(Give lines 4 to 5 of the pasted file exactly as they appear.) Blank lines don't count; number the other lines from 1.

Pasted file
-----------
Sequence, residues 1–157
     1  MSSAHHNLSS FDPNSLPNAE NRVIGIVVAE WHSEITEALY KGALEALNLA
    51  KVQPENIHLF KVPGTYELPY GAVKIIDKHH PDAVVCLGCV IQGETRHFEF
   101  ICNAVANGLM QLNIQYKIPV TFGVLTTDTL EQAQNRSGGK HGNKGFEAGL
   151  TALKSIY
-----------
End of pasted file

   101  ICNAVANGLM QLNIQYKIPV TFGVLTTDTL EQAQNRSGGK HGNKGFEAGL
   151  TALKSIY